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Great Britain dominates at the European Track Cycling Championships and wins multiple gold medals.
Cycling Sport

Great Britain dominates at the European Track Cycling Championships and wins multiple gold medals.

At the European Track Cycling Championships in the Netherlands, Great Britain won the gold medal in the men’s team pursuit, but the women’s team had to be content with the silver medal.

The team consisting of Dan Bigham, Ethan Hayter, Ethan Vernon, Ollie Wood, and Charlie Tanfield beat world champions Denmark with a time of 3 minutes and 45.218 seconds, winning by a difference of 1.154 seconds.

Britain won their first team pursuit European title in nine years, while Italy claimed bronze and Germany took fourth place.

Success in Europe may also increase the chances of qualifying for the Paris Olympics. This comes after their hopes were damaged due to a crash during the home world championships in Glasgow last August.

Vernon mentioned that this is one of our final races competing against these competitors. It feels good to have a strong performance and gain confidence for the upcoming race in Paris. Some of us will now be transitioning to road races with our individual teams, so we won’t be reunited for a few months.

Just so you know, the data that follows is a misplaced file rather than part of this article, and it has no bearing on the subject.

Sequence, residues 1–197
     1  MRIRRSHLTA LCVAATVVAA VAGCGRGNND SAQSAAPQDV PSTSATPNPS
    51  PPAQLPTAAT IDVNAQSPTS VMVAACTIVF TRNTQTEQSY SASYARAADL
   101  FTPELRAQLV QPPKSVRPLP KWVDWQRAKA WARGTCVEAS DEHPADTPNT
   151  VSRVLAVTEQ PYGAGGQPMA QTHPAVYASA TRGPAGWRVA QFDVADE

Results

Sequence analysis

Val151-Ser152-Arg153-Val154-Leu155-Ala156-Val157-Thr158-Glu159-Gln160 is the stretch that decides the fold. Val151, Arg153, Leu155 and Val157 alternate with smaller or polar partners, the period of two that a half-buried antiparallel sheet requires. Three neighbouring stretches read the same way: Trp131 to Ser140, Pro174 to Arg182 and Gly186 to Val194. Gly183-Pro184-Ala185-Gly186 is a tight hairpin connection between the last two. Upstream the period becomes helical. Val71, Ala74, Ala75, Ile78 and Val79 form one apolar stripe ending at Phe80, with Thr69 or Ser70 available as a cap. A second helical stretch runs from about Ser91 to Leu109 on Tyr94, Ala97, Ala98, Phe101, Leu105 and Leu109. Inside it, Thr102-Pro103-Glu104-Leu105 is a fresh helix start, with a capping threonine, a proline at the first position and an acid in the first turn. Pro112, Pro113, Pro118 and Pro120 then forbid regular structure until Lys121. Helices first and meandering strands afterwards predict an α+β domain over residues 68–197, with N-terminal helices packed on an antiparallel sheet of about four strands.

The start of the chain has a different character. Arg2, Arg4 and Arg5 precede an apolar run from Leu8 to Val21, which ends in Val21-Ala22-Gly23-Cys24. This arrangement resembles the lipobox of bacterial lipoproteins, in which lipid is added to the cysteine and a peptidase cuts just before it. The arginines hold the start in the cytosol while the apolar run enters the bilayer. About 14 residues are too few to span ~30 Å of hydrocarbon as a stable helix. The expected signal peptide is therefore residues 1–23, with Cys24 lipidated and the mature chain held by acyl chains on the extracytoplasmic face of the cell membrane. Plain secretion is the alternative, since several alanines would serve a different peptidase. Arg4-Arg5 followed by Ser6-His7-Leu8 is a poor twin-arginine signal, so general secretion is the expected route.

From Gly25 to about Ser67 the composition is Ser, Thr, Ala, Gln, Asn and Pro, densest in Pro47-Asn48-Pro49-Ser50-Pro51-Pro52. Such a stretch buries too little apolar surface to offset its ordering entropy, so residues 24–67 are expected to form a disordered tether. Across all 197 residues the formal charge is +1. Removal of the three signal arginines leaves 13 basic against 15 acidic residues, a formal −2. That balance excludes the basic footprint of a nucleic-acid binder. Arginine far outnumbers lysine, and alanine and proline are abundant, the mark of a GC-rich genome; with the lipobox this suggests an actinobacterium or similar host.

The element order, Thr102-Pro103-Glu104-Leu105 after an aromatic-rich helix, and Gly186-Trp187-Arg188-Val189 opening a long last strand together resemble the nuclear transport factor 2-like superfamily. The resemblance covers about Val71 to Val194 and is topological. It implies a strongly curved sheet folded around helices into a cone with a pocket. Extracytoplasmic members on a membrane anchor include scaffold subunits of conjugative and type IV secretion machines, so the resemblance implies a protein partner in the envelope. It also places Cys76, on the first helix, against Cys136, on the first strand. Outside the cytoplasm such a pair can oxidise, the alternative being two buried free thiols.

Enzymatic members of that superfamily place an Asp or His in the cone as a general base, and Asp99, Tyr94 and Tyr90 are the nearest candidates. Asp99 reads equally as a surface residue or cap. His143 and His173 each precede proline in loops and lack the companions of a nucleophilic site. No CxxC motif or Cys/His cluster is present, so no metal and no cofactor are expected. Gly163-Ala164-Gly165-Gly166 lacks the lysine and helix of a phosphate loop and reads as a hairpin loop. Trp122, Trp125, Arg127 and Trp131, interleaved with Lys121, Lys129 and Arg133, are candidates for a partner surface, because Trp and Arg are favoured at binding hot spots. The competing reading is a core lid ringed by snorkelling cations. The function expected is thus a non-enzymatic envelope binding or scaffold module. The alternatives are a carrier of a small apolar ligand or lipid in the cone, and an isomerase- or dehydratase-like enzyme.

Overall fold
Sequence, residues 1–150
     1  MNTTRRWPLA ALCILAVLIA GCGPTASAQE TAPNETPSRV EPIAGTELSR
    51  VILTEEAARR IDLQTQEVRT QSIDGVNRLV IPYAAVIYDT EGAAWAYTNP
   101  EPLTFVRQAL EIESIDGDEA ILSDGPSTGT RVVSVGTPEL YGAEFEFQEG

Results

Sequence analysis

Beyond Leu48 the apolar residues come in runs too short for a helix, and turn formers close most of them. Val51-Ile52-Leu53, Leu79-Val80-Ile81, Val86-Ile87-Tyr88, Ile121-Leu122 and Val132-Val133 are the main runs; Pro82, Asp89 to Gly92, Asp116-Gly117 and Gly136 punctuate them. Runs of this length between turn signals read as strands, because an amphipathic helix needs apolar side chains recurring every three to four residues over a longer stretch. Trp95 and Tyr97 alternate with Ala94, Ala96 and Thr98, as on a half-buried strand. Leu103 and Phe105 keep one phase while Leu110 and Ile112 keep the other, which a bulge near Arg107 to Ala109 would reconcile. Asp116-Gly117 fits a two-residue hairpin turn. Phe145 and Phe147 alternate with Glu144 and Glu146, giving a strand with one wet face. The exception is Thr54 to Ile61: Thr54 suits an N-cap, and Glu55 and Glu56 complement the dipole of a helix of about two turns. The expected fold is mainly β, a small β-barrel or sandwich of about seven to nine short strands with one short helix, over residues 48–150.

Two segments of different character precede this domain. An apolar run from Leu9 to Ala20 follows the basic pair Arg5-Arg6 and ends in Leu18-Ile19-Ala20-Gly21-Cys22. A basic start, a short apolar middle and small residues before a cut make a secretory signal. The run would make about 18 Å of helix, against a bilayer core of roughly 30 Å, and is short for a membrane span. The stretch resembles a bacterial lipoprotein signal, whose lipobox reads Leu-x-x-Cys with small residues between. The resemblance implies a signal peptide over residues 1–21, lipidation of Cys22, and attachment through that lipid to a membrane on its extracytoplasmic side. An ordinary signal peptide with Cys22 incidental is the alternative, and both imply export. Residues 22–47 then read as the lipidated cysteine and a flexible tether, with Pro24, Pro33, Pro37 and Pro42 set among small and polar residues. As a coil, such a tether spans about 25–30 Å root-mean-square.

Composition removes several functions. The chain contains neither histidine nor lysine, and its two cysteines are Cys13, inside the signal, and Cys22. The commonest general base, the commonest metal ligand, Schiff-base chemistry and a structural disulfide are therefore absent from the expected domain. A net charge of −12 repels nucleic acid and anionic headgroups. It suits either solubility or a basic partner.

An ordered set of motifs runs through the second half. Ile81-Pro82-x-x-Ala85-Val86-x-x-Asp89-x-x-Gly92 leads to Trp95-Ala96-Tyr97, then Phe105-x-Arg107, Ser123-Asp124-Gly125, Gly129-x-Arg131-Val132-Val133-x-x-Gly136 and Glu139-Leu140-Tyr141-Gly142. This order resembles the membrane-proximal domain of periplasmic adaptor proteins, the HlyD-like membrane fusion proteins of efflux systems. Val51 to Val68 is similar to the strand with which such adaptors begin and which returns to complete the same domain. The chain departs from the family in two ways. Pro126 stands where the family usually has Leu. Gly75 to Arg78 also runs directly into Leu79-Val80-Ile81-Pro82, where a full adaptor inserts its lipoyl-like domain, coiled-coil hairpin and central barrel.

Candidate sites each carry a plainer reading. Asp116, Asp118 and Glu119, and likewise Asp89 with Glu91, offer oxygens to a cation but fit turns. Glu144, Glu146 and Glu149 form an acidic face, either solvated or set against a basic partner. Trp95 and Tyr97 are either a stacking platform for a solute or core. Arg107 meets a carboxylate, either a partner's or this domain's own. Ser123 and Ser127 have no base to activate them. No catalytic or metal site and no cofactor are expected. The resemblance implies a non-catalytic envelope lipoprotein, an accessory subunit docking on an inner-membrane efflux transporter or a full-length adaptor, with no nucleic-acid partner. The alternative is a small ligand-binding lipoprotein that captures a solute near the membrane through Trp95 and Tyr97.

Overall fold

“It was a pleasant experience to receive such a high level of recognition before we embark on our individual endeavors for a while, and then reunite for the final Nations Cup… I believe our performance will improve as we head into Paris.”

The women’s British team pursuit, consisting of Josie Knight, Meg Barker, Anna Morris, Jess Roberts, and Neah Evans, earned a silver medal after being defeated by Italy, the reigning world champions.

Barker, who earned their first European medal, stated: “After losing the gold ride off, it takes a moment to realize that we still won silver, so we will reflect on it and be very pleased.”

In the final of the men’s one kilometre time trial, Joe Truman came in fourth place. Italy’s Matteo Bianchi claimed the gold medal, followed by Dutchman Daan Kool in second place. France’s Melvin Landerneau secured the bronze medal, finishing just 0.037 seconds behind.

Source: theguardian.com